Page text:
London court resumes Assange hearing amid worldwide protests against his extradition to US
As the Julian Assange hearing resumed, the WikiLeaks founder formally declined to be extradited to face a superseding indictment issued by the US in June. Protesters and lawyers say the prosecution will stifle press freedom.
Assange’s lawyers described the prosecution as a politically motivated abuse of power that will stifle press freedom and put journalists around the world at risk. The journalist is now expected to appear each day of the hearing, which is likely to last four weeks.
On the first day, he officially stated that he does not consent to be extradited.
Several dozen supporters, including his father and partner, as well as fashion designer Vivienne Westwood, gathered outside the courthouse.
The demonstrators chanted, banged drums, and called the prosecution a threat to press freedom. “Assange is the trigger, he is shining the light on all the corruption in the world,” Westwood said. Speaking outside the Old Bailey, the WikiLeaks founder’s father, John Shipton, said the extradition hearing was an “abuse trial.”
As the hearing resumed, ‘FreeAssange actions’ were scheduled to be held in London, Adelaide, Berlin, Brussels, New York, Paris, Rome, San Francisco, Washington DC, and other cities.Also on rt.com ‘It’s David v Goliath’: Assange’s partner launches CrowdJustice appeal to help stop WikiLeaks founder’s extradition to US
New Zealand kicked off global protests to mark the commencement of the extradition case against Assange on Monday. Free Assange NZ has written an open letter to New Zealand’s MPs and government saying that ‘a call for Assange’s freedom’ would be a major achievement as New Zealand is a partner within the Anglo-American alliance.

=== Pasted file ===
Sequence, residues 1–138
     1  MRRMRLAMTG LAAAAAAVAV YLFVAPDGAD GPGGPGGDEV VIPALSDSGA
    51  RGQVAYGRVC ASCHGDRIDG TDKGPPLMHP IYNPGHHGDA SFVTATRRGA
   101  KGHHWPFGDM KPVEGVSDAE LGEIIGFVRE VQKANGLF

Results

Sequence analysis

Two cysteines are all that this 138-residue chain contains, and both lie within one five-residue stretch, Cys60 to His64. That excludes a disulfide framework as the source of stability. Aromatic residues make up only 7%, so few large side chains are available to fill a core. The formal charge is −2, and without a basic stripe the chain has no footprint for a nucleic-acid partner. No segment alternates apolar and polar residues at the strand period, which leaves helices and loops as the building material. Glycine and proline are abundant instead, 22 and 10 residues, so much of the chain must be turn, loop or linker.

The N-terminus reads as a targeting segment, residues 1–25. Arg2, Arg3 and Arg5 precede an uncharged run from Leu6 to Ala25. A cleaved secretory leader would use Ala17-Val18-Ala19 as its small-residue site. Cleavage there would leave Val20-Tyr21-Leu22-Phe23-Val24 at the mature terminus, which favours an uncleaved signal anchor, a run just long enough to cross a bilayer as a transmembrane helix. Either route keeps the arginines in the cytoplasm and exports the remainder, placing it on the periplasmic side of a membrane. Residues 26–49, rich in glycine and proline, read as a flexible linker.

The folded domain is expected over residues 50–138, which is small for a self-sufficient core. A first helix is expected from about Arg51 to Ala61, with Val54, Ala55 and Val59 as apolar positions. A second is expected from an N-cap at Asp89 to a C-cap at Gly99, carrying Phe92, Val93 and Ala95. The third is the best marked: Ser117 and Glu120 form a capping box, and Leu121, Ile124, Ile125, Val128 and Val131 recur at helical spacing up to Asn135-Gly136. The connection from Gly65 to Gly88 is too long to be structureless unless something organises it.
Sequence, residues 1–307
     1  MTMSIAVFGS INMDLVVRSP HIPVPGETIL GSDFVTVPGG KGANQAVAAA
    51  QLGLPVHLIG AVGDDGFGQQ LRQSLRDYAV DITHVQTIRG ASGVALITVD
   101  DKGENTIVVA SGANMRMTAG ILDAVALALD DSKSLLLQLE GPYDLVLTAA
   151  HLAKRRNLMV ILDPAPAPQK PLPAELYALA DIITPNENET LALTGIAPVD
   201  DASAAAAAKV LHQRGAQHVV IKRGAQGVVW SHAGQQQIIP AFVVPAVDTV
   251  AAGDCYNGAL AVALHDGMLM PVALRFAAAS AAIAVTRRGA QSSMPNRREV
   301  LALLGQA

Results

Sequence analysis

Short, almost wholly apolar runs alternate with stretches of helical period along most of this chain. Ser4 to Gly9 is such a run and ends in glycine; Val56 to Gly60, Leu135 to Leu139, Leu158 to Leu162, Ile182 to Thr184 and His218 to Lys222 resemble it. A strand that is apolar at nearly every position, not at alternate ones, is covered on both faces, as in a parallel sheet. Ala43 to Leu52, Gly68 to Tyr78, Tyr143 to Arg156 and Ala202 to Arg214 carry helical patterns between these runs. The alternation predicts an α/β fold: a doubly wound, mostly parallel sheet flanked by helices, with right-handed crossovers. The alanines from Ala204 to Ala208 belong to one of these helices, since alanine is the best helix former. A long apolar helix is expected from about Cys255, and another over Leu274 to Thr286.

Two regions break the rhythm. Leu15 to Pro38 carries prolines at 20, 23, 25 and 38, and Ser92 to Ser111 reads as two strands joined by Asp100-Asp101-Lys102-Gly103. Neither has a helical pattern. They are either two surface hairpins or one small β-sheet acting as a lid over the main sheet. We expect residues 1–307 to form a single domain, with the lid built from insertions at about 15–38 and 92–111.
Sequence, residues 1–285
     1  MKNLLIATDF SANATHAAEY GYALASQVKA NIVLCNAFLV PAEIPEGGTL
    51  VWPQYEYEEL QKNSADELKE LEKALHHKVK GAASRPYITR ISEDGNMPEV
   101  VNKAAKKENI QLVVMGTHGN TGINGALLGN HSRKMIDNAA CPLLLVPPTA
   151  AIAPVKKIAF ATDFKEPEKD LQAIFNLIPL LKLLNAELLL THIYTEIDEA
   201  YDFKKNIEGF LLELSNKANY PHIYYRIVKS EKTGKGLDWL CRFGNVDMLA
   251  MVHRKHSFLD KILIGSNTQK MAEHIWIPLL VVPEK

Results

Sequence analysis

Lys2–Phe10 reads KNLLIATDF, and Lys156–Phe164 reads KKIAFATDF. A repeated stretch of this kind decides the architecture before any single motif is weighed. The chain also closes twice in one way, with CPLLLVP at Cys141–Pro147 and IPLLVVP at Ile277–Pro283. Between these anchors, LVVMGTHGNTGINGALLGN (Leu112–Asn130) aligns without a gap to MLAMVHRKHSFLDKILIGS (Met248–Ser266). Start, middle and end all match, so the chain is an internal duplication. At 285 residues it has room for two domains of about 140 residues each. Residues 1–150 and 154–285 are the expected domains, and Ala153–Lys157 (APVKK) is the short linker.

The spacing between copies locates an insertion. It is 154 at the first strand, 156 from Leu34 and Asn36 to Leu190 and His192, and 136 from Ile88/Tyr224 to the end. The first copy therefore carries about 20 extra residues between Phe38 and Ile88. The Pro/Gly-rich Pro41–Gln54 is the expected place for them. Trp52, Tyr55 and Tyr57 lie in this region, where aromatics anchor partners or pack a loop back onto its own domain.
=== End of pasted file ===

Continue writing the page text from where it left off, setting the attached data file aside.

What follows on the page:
The hearing was originally planned for May 18, but was rescheduled because of the Covid-19 pandemic. The court ruled out his release on bail, despite the high risks of contracting the coronavirus at UK’s Belmarsh high security prison.
During Monday’s session, District Judge Vanessa Baraitser rejected a request by lawyers for Assange to delay his extradition hearing until next year. The lawyers wanted more time to respond to US allegations that he conspired with hackers to obtain classified information.
Tweeting in response to the court developments, NSA whistleblower Edward Snowden called the case a Kafkaesque “show trial,” adding that the “judge permits the charges to be changed so frequently the defense doesn't even know what they are.”
Read this and tell me that the show trial of Assange doesn't read like something from Kafka. The judge permits the charges to be changed so frequently the defense doesn't even know what they are, the most basic demands are denied, no one can hear what the defendant says—a farce. https://t.co/d7oYBLBvky— Edward Snowden (@Snowden) September 7, 2020
The US authorities accuse Australian-born Assange of conspiring to hack government computers and of violating an espionage law after the release of confidential cables by WikiLeaks in 2010-2011.
In June 2012, facing imminent extradition, Assange sought refuge in the Ecuadorean Embassy. He was dragged out of the embassy in April 2019 after Ecuador revoked his asylum. The WikiLeaks founder remains jailed pending the outcome of the US extradition request.
If convicted on all charges, Assange faces a sentence of up to 175 years behind bars.
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